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Ventriloquism is a form of entertainment where a person seems to cause their voice to emanate from another object. Ventriloquism is an illusion since it is absolutely impossible to change the origin of your voice through any analog methods. As with many illusions, however, ventriloquism is a popular form of entertainment.
There are two forms of ventriloquism. Near ventriloquism, which is most popular in the modern era, is when ventriloquists make it appear that their voice is originating from something nearby, such as a dummy. Distant ventriloquism, which many do not consider to be "true" is when the voice originates from some unseen location, but appears to originate from an object.
As previously mentioned, the ventriloquist does not actually change the origin of his or her voice. Practitioners of ventriloquism are skilled at speaking without moving their lips or jaw. By manipulating another object, often a dummy, the ventriloquist makes it appear that the sound is coming from that source. This is caused by two conflicting senses. Our eyes notice that the ventriloquist is not moving his mouth, yet we still hear the sound. When we see that the dummy's mouth is moving, our brain makes the connection that the sound must be coming from the dummy.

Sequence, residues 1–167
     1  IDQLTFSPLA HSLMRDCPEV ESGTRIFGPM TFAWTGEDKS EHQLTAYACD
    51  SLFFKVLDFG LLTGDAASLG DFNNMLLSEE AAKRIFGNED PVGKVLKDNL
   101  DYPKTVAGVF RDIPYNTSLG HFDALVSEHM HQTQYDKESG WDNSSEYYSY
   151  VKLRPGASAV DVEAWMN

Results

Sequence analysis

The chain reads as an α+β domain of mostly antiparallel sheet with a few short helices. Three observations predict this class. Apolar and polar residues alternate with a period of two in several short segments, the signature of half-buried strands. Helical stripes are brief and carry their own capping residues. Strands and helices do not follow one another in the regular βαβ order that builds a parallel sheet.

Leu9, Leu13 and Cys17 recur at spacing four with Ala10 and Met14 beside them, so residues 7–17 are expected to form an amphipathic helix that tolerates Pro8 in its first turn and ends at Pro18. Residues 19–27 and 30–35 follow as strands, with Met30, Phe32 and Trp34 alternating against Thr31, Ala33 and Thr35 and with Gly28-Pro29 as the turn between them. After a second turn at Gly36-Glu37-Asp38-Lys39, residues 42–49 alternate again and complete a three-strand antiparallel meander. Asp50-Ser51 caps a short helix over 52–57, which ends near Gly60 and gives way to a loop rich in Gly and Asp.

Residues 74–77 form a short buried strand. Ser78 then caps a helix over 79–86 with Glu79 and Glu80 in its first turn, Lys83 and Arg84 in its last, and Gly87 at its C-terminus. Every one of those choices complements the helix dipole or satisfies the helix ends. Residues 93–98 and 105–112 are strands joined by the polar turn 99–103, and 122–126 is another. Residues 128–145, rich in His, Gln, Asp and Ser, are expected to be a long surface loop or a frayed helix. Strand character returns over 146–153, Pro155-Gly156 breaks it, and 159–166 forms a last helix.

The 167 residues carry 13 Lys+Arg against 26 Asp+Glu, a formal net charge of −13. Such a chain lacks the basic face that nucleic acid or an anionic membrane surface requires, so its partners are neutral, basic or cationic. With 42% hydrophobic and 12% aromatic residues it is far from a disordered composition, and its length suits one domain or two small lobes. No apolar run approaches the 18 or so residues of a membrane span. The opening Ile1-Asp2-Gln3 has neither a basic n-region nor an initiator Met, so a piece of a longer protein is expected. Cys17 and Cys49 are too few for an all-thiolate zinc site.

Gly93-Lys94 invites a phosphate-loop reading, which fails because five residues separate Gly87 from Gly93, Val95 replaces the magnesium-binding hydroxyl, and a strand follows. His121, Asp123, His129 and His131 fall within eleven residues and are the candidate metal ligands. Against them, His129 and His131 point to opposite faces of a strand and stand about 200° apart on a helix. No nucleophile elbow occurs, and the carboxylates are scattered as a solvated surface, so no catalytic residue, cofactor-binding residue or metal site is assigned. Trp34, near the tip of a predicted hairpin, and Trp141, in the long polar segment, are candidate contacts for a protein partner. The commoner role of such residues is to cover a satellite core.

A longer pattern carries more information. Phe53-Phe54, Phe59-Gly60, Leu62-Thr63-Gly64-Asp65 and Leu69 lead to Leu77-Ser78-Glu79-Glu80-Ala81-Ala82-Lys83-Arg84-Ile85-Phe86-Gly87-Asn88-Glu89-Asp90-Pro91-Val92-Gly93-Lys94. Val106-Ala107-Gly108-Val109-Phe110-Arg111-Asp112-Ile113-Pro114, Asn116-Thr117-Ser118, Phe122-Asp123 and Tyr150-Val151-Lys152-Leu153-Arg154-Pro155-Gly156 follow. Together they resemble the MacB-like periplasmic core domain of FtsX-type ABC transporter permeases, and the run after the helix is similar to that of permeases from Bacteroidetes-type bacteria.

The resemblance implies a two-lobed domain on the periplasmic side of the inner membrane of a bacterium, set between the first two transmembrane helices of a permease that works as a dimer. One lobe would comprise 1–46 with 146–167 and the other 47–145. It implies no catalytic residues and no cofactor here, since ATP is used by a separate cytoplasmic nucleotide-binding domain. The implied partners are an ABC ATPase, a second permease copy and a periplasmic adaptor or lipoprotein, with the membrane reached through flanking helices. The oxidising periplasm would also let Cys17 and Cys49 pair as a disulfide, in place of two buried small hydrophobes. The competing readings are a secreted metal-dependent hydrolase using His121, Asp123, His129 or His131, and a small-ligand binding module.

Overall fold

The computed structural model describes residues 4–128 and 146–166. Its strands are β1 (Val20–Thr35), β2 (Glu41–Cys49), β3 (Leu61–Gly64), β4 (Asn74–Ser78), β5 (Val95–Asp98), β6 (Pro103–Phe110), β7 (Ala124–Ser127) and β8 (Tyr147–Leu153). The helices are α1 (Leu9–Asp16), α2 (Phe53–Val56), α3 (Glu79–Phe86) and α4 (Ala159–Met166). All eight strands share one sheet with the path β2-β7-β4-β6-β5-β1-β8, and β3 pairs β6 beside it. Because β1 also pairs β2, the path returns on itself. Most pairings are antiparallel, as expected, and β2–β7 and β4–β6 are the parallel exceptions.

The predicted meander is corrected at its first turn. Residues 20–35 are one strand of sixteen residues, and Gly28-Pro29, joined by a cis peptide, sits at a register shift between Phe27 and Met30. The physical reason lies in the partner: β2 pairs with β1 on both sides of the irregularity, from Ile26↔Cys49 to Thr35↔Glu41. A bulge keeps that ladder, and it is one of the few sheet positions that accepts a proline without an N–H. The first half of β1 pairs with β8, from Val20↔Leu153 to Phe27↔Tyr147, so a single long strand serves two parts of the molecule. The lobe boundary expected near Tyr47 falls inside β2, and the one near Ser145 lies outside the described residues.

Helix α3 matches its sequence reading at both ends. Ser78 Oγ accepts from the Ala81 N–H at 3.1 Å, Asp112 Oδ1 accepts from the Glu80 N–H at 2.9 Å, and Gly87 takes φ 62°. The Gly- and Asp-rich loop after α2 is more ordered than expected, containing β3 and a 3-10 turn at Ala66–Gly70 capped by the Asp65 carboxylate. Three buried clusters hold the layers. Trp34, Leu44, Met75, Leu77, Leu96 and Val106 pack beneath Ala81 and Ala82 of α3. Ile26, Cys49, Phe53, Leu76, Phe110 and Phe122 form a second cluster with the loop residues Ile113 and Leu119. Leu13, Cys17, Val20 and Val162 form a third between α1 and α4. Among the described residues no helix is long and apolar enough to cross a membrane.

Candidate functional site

There are certain sounds that must be sacrificed in order to effectively perform ventriloquism. Sounds such as m, b, and p must be replaced with similar sounding consonants, since they cannot be made without lip-to-lip contact. If a ventriloquist replaces, say, the "m" in made with a "d," and if it is spoken quickly enough, the audience should not be able to tell the difference.
Ventriloquism dates back as early as ancient Greece, where it was often associated with magic. During the Middle Ages, performing ventriloquism was often considered a form of witchcraft, complete with all the punishments. The modern form of ventriloquism did not emerge until the 16th century when it was accepted as a form of entertainment and not as magic which should be feared.
Ventriloquism got its big break during the American Vaudeville era. During this time period, numerous ventriloquists paved the way for modern performers. Famous ventriloquists of note include, but are not limited to, Jules Vernon, Edward Berger, and The Great Lester. Although many of these individuals used multiple dummies in their act, it was The Great Lester who made single dummy ventriloquism acts popular.